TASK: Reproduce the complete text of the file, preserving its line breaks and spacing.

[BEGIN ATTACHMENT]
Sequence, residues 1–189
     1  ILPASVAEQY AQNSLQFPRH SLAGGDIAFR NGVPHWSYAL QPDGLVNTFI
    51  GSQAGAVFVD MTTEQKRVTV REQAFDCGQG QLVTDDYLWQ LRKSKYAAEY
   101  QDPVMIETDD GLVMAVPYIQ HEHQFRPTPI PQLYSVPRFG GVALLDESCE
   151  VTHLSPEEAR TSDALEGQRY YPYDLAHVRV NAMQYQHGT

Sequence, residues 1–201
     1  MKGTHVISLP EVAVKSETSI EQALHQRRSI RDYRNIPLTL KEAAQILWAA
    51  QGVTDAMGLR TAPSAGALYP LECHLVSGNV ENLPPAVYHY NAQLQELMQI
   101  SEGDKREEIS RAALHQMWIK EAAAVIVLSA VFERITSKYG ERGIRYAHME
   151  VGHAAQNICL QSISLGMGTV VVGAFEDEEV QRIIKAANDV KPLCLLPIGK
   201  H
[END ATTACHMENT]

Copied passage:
Sequence, residues 1–189
     1  ILPASVAEQY AQNSLQFPRH SLAGGDIAFR NGVPHWSYAL QPDGLVNTFI
    51  GSQAGAVFVD MTTEQKRVTV REQAFDCGQG QLVTDDYLWQ LRKSKYAAEY
   101  QDPVMIETDD GLVMAVPYIQ HEHQFRPTPI PQLYSVPRFG GVALLDESCE
   151  VTHLSPEEAR TSDALEGQRY YPYDLAHVRV NAMQYQHGT

Sequence, residues 1–201
     1  MKGTHVISLP EVAVKSETSI EQALHQRRSI RDYRNIPLTL KEAAQILWAA
    51  QGVTDAMGLR TAPSAGALYP LECHLVSGNV ENLPPAVYHY NAQLQELMQI
   101  SEGDKREEIS RAALHQMWIK EAAAVIVLSA VFERITSKYG ERGIRYAHME
   151  VGHAAQNICL QSISLGMGTV VVGAFEDEEV QRIIKAANDV KPLCLLPIGK
   201  H